Fruits: The best options are berries, figs, pears, kiwis, and oranges.
Vegetables: Go for spinach, peas, broccoli, and squash.
Legumes: We recommend chickpeas, lentils, kidney beans, and soybeans.
Whole grains: It is best to stick to oats, quinoa, whole wheat, brown rice, buckwheat, and barley.
Cereals: The advised diet includes cereals made with psyllium, wheat bran, or whole-grain oats.
Seeds and Nuts: Some beneficial seeds and nuts include flax, almonds, and sunflower seeds.
Protein-source diets are mandatory at every meal. It is recommended to prefer plant-based proteins over animal-based proteins. Plant-based protein contains lower saturated fats and more fibre.
The healthiest sources of proteins include lentils, beans, nuts, peas, tofu, and seeds. Moreover, one can enjoy limited amounts of lean meats, poultry, fish, and eggs.
Foods to avoid
It is best to stick to natural healthy diets and avoid unhealthy eating habits. Avoid any diet that may raise blood sugar levels and disturb the metabolism.
Foods rich in like refined grains and white bread should be limited because they can spile blood sugar. Specific gluten diets have inflammatory properties, which may aggravate symptoms in susceptible patients. It is best to check carbs for better management of PCOS.
All the raw and baked sugary food results in peaked glucose levels and higher insulin production. It is recommended to avoid cakes, pastries, cookies, candies, and beverages that contain excessive sugar content.
Commercially available fried foods are usually cooked with poor-quality oils. Such oils and fast foods may trigger inflammatory reactions in the body. It is advised to prefer natural or freshly baked foods.
Alcohol causes inflammation and disrupts the body's balance, which may cause insomnia, impact food choices, and affect gut health.
Limit red meat consumption, i.e., pork, steaks, and hamburgers. Processed meat like hot dogs, luncheon meats, and sausages consumption should also be limited.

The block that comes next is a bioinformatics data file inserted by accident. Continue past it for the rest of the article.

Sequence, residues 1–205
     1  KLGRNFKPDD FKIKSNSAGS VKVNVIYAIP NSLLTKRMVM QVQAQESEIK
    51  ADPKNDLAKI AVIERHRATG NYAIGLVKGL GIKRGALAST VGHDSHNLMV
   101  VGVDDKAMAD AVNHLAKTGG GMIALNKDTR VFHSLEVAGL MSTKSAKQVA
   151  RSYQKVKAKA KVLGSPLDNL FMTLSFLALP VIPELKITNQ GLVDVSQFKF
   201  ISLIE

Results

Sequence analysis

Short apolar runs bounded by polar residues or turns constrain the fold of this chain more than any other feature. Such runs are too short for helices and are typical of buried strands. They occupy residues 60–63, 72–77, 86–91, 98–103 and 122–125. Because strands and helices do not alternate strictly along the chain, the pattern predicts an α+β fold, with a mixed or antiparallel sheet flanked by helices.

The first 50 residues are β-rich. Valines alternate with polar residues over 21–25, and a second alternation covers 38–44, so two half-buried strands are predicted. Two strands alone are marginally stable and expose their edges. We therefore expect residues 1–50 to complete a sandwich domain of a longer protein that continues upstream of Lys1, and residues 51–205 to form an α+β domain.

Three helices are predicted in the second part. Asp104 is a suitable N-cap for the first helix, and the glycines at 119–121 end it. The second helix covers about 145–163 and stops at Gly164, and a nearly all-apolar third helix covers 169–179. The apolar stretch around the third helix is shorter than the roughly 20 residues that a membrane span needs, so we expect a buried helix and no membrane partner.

Say no to solid fats! Margarine, lard, and shortening should be avoided to avoid elevated cholesterol levels.
Sometimes it takes work to find the perfect combination of foods that provide all the essential vitamins, minerals, and other nutrients. Dieticians recommend supplementing vitamin D, probiotics, and omega-3 if your diet is not balanced.
Tips For Better Management of PCOD Through Diet:
· Aim for balanced, healthy, and natural foods.
· Avoid over-eating; instead, take smaller meals more frequently.
· Balance your diet by including protein, unsaturated fats, and carb sources perfectly.
· Include a variety of vegetables and foods.
· Avoid intermittent fasting; sudden large meals cause hyperinsulinemia.
· Regular exercise and physical activity help manage weight.
· Don't compromise on sleep, stay stress-free and try to lose weight.
· Go for supplementation if your diet is deficient in essential nutrients.
· If you cannot manage the diet plan, consult a dietician for a healthy diet plan for PCOS.
Polycystic ovary syndrome(PCOS) is common in women worldwide, yet no exclusive measures are taken to control it. Since no treatment is available, dietary management can be crucial in lessening the symptoms. Avoid saturated fat and high-sugar food. Instead, prefer natural foods low GI diet for better management of polycystic ovary syndrome.
To find out more any other health concerns such as hormone levels, contracpetion or sexual health, browse through our Women's Health Hub at Welzo.